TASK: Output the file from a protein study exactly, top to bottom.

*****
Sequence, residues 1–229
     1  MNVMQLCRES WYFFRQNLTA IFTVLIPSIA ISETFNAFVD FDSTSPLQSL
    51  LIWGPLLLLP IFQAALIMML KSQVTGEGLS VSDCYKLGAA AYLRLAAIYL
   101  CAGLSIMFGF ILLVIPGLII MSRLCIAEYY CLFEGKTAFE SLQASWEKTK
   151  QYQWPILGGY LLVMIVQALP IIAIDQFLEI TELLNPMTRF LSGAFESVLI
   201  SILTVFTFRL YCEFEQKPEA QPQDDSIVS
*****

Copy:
Sequence, residues 1–229
     1  MNVMQLCRES WYFFRQNLTA IFTVLIPSIA ISETFNAFVD FDSTSPLQSL
    51  LIWGPLLLLP IFQAALIMML KSQVTGEGLS VSDCYKLGAA AYLRLAAIYL
   101  CAGLSIMFGF ILLVIPGLII MSRLCIAEYY CLFEGKTAFE SLQASWEKTK
   151  QYQWPILGGY LLVMIVQALP IIAIDQFLEI TELLNPMTRF LSGAFESVLI
   201  SILTVFTFRL YCEFEQKPEA QPQDDSIVS